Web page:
Eggs are one of the best sources of protein in the diet, containing all nine essential amino acids in the right ratios. However, whilst it is perfectly safe to do so, eating the eggs raw may decrease your absorption of these quality proteins. One small study compared the absorption of protein from both cooked and raw eggs in 5 people (yes, a VERY small study!) They found that 90% of protein in cooked eggs was absorbed, but only 50% in raw eggs. But the flip side to this is that, although protein is better absorbed from cooked eggs, some other nutrients may be slightly reduced by cooking. These include vitamin A, vitamin B5, phosphorus and potassium. Absorption of biotin may also be affected because raw egg whites contain the protein avidin, which binds to biotin in the small intestine, thereby preventing its absorption. However, it’s unlikely to cause deficiency unless you eat a lot of raw eggs (at least a dozen every day!). It has recently been announced that it is safe for pregnant women and children to eat raw or lightly cooked eggs. Although there is a risk of eggs being contaminated with the bacteria salmonella, this risk is actually very low. Eating a whole raw egg may take some getting used to though! A lightly boiled egg, with a cooked white and soft yolk may just be the perfect answer.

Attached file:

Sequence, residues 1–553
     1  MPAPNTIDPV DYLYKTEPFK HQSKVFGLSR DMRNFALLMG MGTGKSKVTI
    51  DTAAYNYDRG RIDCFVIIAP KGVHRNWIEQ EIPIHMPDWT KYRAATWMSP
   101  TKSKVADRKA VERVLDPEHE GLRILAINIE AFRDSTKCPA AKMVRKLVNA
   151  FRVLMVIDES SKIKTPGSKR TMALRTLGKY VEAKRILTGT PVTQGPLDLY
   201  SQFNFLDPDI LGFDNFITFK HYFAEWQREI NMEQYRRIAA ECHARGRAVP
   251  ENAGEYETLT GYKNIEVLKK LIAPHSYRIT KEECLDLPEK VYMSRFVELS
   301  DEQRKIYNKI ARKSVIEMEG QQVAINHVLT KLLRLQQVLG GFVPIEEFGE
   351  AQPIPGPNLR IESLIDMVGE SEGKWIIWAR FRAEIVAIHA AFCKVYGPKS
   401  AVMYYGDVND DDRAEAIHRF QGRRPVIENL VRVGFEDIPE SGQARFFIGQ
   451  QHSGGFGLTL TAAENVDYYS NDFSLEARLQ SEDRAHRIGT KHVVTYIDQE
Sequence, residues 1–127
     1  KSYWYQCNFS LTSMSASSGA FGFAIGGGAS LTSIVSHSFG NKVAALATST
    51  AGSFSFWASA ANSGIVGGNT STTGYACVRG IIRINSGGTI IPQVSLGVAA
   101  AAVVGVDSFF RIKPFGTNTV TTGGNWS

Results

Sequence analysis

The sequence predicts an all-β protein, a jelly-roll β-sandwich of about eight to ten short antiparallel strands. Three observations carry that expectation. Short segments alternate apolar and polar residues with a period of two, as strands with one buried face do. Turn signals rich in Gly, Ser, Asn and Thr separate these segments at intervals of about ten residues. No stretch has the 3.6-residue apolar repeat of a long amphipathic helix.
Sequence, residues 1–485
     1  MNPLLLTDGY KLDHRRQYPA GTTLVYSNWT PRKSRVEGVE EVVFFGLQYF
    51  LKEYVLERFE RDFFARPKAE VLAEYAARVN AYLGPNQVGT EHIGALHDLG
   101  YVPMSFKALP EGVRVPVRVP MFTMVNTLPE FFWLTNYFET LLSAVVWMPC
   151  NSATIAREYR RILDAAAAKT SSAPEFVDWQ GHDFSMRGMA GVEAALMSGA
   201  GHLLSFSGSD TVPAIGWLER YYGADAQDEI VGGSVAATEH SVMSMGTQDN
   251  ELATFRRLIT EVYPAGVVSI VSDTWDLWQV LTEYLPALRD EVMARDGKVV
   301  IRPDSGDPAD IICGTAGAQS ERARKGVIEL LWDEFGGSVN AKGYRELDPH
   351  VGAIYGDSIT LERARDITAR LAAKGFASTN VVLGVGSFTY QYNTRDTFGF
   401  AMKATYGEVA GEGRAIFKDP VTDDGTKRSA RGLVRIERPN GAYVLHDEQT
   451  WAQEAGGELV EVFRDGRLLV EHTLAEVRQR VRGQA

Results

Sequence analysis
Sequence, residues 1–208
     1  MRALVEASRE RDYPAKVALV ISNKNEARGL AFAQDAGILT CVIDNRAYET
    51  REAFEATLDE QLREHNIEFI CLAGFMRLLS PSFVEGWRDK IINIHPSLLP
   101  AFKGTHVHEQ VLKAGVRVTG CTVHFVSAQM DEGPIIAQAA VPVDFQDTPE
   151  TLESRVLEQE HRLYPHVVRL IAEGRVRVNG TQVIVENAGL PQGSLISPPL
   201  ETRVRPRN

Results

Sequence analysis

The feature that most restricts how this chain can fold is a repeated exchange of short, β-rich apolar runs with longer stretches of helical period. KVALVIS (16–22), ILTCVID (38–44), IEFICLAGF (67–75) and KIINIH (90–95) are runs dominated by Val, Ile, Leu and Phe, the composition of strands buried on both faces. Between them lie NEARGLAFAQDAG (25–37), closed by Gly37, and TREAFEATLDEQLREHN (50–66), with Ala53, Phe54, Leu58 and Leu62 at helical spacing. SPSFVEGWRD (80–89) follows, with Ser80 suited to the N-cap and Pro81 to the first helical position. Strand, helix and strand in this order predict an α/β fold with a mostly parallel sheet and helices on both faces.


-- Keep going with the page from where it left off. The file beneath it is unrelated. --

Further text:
Bodybuilders and physique competitors typically only eat egg whites, as they are concentrating on consuming the protein for muscle synthesis, rather than the fat. However, a study examined the effects of whole egg consumption compared to an isonitrogenous amount of egg whites in healthy young men following exercise. They found that, despite containing the same amount of protein (16 grams), whole eggs resulted in significantly greater muscle protein synthesis versus egg whites.

The effects of high-quality protein from eggs on satiety and weight loss have been studied in clinical trials showing the following results:

  • In a study in overweight adults, calorie-restricted diets that included either eggs or a bagel for breakfast were compared; the people who consumed eggs for breakfast lowered their body mass index by 61%, lost 65% more weight, and reported feeling more energetic than those who ate a bagel for breakfast.
  • Men who consumed an egg breakfast versus a bagel breakfast showed that appetite hormones were suppressed following eggs at breakfast, as was energy intake over the course of the day.